Michelle Pfeiffer was also widely acclaimed for her portrayal, despite playing, in the opinion of the Washington Post, "the least obvious and the most difficult" role. "Nothing is harder to play than virtue, and Pfeiffer is smart enough not to try. Instead, she embodies it." The New York Times called her performance a "happy surprise." Roger Ebert, considering the trajectory of her career, wrote that "in a year that has seen her in varied assignments such as Married to the Mob and Tequila Sunrise, the movie is more evidence of her versatility. She is good when she is innocent and superb when she is guilty." Pfeiffer would later win a British Academy Film Award for her performance.
The casting of John Malkovich proved to be a controversial decision that divided critics. The New York Times, while admitting there was the "shock of seeing him in powdered wigs", concluded that he was "unexpectedly fine. The intelligence and strength of the actor shape the audience's response to him." The Washington Post was similarly impressed with Malkovich's performance: "There's a sublime perversity in Frears' casting, especially that of Malkovich... [he] brings a fascinating dimension to his character that would be missing with a more conventionally handsome leading man." Variety was less impressed, stating that while the "sly actor conveys the character's snaky, premeditated Don Juanism... he lacks the devilish charm and seductiveness one senses Valmont would need to carry off all his conquests."
Awards and nominations 
At the 61st Academy Awards, Dangerous Liaisons won three Oscars out of seven nominations, for Best Adapted Screenplay (Christopher Hampton), Best Costume Design (James Acheson), and Best Art Direction (Stuart Craig and Gérard James). Its four unsuccessful nominations were for Best Actress (Glenn Close), Best Supporting Actress (Michelle Pfeiffer), Best Original Score (George Fenton), and the Academy Award for Best Picture. Director Stephen Frears and lead actor John Malkovich were not nominated.
At the 43rd British Academy Film Awards, Michelle Pfeiffer won for Best Actress in a Supporting Role, and Christopher Hampton won for Best Screenplay. The film received a further eight nominations, in the categories of Best Direction (Stephen Frears), Best Actress in a Leading Role (Close), Best Cinematography (Philippe Rousselot), Best Costume Design (Acheson), Best Original Film Score (Fenton), Best Editing (Mick Audsley), Best Make Up Artist (Jean-Luc Russier) and Best Production Design (Craig).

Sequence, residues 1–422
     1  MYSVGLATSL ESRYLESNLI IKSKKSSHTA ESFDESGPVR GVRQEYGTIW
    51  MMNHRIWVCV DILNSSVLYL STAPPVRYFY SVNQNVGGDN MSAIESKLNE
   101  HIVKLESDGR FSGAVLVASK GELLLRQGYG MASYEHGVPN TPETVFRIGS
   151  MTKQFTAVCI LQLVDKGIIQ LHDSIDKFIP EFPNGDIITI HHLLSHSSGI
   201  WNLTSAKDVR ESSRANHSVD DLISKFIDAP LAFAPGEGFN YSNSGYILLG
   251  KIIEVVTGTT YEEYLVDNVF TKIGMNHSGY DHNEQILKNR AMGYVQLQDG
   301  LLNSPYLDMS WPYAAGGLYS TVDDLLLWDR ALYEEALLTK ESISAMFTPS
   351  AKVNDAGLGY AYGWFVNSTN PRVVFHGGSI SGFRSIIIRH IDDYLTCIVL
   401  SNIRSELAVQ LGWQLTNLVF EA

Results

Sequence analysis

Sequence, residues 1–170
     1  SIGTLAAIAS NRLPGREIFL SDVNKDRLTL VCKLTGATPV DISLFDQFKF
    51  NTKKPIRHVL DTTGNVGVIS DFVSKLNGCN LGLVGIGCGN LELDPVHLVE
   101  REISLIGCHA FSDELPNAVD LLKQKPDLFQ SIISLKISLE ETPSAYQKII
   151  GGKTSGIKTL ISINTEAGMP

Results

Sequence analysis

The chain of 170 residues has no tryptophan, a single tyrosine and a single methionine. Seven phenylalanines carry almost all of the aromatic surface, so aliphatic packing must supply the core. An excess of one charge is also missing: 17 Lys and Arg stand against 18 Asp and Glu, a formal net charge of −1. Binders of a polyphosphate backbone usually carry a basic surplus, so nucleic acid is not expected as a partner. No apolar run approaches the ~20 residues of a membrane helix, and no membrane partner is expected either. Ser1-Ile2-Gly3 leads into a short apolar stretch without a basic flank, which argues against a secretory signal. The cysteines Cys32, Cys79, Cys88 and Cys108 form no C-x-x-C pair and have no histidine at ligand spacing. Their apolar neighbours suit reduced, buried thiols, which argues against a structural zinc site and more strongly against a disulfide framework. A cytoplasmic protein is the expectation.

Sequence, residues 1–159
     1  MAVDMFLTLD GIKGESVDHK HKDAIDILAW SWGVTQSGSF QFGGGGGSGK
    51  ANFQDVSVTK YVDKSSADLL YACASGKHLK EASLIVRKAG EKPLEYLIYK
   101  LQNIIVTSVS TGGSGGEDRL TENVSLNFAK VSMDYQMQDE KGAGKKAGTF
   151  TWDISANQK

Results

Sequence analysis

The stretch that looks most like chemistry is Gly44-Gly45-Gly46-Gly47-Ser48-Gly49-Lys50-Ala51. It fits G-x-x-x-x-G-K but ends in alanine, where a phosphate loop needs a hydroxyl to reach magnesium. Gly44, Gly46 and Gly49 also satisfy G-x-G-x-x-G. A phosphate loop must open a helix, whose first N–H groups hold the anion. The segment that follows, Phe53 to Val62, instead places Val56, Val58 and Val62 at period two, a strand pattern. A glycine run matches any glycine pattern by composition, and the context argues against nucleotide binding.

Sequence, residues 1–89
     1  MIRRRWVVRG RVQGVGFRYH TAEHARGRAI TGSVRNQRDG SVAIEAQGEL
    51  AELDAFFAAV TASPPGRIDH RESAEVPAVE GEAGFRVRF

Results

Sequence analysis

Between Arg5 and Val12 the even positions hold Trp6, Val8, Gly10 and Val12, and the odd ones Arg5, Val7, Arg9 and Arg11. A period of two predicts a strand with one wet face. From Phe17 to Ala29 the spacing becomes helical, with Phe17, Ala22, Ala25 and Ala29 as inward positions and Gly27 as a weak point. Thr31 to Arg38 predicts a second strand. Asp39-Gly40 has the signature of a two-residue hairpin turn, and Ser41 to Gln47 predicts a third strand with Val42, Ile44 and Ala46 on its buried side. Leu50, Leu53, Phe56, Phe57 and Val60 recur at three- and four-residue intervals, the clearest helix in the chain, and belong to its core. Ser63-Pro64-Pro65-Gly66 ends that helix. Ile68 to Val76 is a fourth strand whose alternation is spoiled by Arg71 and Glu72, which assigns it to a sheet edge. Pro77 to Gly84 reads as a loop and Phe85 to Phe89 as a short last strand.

In addition to his Oscar and BAFTA awards, Christopher Hampton also won the London Critics Circle Film Award for Screenwriter of the Year, and the Writers Guild of America Award for Best Screenplay Based on Material from Another Medium.
Stephen Frears won the César Award for Best Foreign Film and Best Director from the Boston Society of Film Critics. The film was second only to Mississippi Burning in the National Board of Review's Top 10 films.
Related adaptations 
Three decades before Dangerous Liaisons, Roger Vadim adapted the Laclos novel into Les Liaisons dangereuses, a French film starring Jeanne Moreau, Gérard Philipe and Annette Vadim. Less than a year after Dangerous Liaisons was released, Miloš Forman adapted the novel into Valmont, starring Colin Firth in the title role, Annette Bening, and Meg Tilly.
In 1999, Roger Kumble adapted the novel into Cruel Intentions, a drama set in a modern high school, starring Sarah Michelle Gellar, Ryan Philippe and Reese Witherspoon. In 2003, Untold Scandal, a South Korean adaptation, was released; it was set in the same time as the original novel, but in the Kingdom of Joseon.
Almost 25 years after he played Valmont, John Malkovich directed a French-language version of Christopher Hampton's play in Paris, which ran at the Théâtre de l'Atelier. In December 2012, the production is being brought to Lansburgh Theatre by the Shakespeare Theatre Company for a limited run in Washington D.C..